There’s a popular trend in television programming called “crossover events.” By popular, I mean with TV producers and networks, more so than with viewers. Crossover events certainly aren’t my cup of tea. In fact, they leave a bad taste in my mouth – like someone spiked the tea with motor oil. I find the concept inherently irritating. In fact, I’d rather face a roomful of four-year-olds playing with glitter and glue than watch a crossover event.
In reality (which has nothing to do with TV), crossovers are ploys to entice viewers to watch programs they don’t normally, or even abnormally, watch. In a crossover, a plotline starts on one TV series, then hopscotches to as many other annoying series as possible. The characters from each show travel around to the other shows, where they have no business being. If I had my way, they would be arrested for trespassing, or at least cited for vagrancy.
The family of DC Comics programs has used this questionable tactic for several seasons. I won’t drag the superheroes’ names through the mud, as it’s not their fault. They are being forced into these antics that are tantamount to viewer entrapment.
In classic TV terms, it’s as if a story started on Rawhide, continued on Gunsmoke, moseyed over to Wagon Train, then made stagecoach stops at Bonanza and The Rifleman, before finally and thankfully being dispatched to Boot Hill on Have Gun, Will Travel. Long before then, you’re praying that Little Joe Cartwright will bushwhack Marshal Dillon, just to put the story out of its misery, to say nothing of yours.
The objective of this nonsense is to snag the viewers, like sailfish on a deep-sea fishing line, and drag them behind the boat from one show to another. The viewer, like the sailfish, ends up not caring about the destinations. He’s just hoping to break away from the line, and end this miserable cruise. The wicked TV producers, of course, want the viewers to be fascinated with the shows, and become permanent fans. This is similar to hoping that Robinson Crusoe finds the island he’s stranded on so captivating he decides to file a change of address form with the Post Office.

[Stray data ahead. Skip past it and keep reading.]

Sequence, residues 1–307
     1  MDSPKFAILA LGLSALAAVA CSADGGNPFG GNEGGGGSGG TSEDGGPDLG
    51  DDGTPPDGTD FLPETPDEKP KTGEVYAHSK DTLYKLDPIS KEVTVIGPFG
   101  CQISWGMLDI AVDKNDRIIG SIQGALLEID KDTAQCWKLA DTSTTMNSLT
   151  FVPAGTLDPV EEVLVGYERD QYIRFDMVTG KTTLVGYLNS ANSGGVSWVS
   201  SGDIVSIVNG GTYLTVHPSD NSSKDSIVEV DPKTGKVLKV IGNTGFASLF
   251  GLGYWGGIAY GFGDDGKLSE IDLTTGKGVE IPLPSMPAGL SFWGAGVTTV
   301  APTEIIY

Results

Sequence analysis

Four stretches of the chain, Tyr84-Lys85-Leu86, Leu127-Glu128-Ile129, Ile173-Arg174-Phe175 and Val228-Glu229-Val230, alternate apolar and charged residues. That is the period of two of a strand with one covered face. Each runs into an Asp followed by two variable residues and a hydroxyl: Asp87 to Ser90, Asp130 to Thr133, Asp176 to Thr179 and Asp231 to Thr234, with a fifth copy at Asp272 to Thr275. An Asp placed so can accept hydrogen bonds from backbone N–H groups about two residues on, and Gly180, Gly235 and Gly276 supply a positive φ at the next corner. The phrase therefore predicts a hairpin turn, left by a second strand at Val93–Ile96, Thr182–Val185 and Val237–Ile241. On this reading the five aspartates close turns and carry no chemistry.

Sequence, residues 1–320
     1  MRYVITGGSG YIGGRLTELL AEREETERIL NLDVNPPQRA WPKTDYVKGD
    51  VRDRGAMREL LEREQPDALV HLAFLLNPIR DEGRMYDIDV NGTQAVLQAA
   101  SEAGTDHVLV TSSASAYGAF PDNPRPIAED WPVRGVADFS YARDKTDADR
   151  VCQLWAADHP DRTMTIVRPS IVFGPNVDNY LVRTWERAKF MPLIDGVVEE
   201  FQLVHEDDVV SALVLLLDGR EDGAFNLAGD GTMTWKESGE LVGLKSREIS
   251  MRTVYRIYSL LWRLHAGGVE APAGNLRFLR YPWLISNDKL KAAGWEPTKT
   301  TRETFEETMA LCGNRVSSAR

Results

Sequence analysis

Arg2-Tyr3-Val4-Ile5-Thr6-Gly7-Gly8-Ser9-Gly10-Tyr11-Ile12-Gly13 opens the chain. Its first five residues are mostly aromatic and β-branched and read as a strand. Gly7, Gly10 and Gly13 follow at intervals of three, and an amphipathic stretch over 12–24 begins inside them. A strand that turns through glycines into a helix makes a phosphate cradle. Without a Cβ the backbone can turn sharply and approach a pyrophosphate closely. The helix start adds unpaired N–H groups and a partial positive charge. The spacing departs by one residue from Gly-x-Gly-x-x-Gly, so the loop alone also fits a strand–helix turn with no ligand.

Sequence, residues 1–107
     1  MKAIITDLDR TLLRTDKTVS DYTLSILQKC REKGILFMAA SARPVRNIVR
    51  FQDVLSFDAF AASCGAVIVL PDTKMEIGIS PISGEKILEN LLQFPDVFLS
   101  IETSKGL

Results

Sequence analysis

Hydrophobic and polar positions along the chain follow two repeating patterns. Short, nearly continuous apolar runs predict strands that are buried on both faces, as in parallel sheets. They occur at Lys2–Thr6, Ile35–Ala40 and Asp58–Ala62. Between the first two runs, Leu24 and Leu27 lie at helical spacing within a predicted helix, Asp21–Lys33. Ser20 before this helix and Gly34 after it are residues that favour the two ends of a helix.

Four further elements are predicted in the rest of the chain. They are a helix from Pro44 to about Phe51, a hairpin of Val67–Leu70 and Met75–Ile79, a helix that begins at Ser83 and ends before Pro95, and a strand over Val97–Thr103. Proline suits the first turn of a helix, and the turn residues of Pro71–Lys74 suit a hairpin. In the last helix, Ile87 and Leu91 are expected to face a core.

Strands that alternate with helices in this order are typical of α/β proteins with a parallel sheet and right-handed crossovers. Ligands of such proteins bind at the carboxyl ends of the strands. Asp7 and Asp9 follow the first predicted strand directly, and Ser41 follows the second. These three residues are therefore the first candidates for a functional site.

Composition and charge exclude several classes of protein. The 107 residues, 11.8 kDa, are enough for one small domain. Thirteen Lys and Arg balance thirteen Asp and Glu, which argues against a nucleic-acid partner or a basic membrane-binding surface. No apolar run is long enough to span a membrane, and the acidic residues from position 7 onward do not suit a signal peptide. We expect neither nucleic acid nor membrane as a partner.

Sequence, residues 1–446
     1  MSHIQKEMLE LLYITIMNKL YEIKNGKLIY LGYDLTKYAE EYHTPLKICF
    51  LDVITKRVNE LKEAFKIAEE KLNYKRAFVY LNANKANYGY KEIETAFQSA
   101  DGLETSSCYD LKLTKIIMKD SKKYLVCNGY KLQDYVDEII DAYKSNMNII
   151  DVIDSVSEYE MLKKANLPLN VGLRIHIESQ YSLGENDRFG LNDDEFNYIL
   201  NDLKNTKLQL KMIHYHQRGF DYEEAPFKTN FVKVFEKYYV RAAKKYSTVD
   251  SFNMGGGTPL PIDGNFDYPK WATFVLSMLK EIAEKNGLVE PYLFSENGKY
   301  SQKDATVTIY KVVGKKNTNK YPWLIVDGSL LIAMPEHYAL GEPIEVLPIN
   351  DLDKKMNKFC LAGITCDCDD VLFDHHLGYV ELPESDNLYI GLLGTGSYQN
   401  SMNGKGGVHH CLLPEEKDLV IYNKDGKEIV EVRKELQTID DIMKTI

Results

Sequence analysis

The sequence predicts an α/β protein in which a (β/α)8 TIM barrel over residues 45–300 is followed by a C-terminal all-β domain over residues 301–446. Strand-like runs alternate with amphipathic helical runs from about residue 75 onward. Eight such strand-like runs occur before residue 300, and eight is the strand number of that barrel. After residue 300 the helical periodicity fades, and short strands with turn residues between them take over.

Well, who can blame the television people? After all, surely this is the technique that William Shakespeare, Charles Dickens, Jane Austen, and other great writers have used through the centuries to ensnare their readers.
I’ve found in life, though, that an apparent evil can sometimes beget good. And now I’ve found this odious crossover practice has resulted in a bit of good for me. One day I realized that my life, with its plot twists and cast members shuffling in and out, is essentially a crossover event. If it includes you, I should probably apologize, as I didn’t mean to hook you to be dragged behind my boat. Seeing my life as a crossover, however, has given me new perspective.
In the Joe Show, I’m the star. There are costars, including family and close friends, but I’m responsible for the results, to the extent any of us can be.
In the lives of others, though, I’m merely a guest star. Sometimes I might be a bit player. I may even act as the villain occasionally. I’m sure there are times I’m the comic relief, if not the village idiot. In fact, I may be in danger of being typecast in that role. As I thought about it, I realized that if someone has allowed me to do a guest shot in their life, I should strive to be a welcome and gracious visitor. I should do my best to have a positive effect on their life.
We may not always succeed in helping someone along in life, but it shouldn’t be for lack of trying. I have summarized this in a tiny life instruction to myself: don’t be a doofus. We shouldn’t be an annoying Marshall Dillon that someone is desperately wishing would be bushwhacked. After all, in the end, what do we want our legacy to be?
Life is an uncharted journey. We all have traveling companions; we all have crossed over into each other’s lives. And no matter our manner of living, the journey finally and irrevocably ends with the ultimate crossover event. We’ll all make the crossover from this existence to what lies beyond.
And that’s where we may see some truly interesting guest stars.